A livestock and environment researcher has criticised the assumption that lower food production in “sustainable” systems in countries in the global north would lead to more emissions globally.
Senior researcher at Wageningen University in the Netherlands, Theun Vellinga currently works in the field of specialised, highly-productive dairy farms which produce up to 14,000L per cow.
The belief that lower production in “sustainable” countries would lead to more global emissions due to increased production in regions with a higher carbon footprint is “very popular” in industrialised countries and in the agri-food industry, he said.
Using this reasoning ignores the “large potential” to reduce emissions by improving efficiency in countries such as in Africa, the researcher said.
He added: “There is still a tendency to increase efficiency even in specialised, highly productive livestock systems partly based on the narrative that we need to contribute to global food security.
“We need to find a balance because the global south needs to be able to feed itself – that [food] should not come from intensifying specialised dairy in other countries.”
Exporting produce from industrialised countries makes regions more dependent on external production and withholds their opportunity to develop their own production systems, he said.
Vellinga was speaking at the launch of the expert panel on livestock methane which included scientists and academics who work on peer-reviewed science on livestock methane and climate change.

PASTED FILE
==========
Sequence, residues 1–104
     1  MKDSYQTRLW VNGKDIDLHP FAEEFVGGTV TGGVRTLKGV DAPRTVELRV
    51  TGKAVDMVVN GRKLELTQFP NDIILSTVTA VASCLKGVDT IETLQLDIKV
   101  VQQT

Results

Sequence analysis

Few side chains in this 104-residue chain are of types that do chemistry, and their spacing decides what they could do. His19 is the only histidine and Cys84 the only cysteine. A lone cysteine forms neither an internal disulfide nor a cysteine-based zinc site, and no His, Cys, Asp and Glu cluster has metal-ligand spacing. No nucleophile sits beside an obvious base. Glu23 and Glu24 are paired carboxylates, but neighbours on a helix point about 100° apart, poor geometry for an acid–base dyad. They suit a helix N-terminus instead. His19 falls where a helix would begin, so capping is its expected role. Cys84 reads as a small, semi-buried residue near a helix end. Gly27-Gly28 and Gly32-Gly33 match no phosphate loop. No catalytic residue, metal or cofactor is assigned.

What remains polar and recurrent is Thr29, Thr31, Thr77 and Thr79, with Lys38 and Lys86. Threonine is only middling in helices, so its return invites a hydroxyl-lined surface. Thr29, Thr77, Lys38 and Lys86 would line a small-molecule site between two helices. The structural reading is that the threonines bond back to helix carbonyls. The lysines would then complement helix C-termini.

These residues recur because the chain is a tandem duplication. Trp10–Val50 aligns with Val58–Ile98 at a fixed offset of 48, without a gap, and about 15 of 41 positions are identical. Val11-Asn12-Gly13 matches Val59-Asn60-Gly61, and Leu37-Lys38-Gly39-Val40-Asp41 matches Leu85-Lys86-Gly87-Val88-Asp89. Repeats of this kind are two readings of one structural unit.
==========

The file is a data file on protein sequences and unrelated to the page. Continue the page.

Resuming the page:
Food security and global emissions
Intensive, specialised systems work on a highly technological basis with a high input of chemicals, he said, therefore the focus should be on systems that could reduce methane emissions in a “simpler way”.
A previous study by the university compared an increase in milk production in Ethiopia based on sustainable intensification to higher production in The Netherlands, including the export of milk powder.
There is a large emissions reduction potential in countries with low animal productivity, he said, adding that milk production in Ethiopia can be increased while reducing methane.
“There is the risk of intensification because the industry is now pressing us to reduce the carbon footprint per kg of milk, and it appears that this works better by using chemicals in very intensive systems rather than in more nature-based systems,” he said.
Taking the example of India, he said there is large potential for improving feed efficiency in Indian livestock, however, technical support and an overhaul of the production structure is required.
Increasing production from 100kg up to 3,000L in India would allow higher consumption of animal protein in south Asian countries, while reducing the carbon footprint of milk, he said.
Ways to reduce methane emissions are needed in the global south according to professor of sustainable, tropical agriculture at the Mohammed VI Polytechnic University in Morocco, Ngonidzashe Chirinda.
While most livestock production in the global north is oriented towards the market, he said that in the global south, there are more crop livestock systems in which a cow is kept long-term for purposes other than the market.
Often produce imported from the global north does not reach the people who don’t have market access or financial means, senior scientist at the International Livestock Research Institute in Kenya, Claudia Ardnt said.
It is very important that there is livestock in these marginal lands and rural areas to improve nutritional security and to avoid any deficiencies related to non-nutritious food, she added.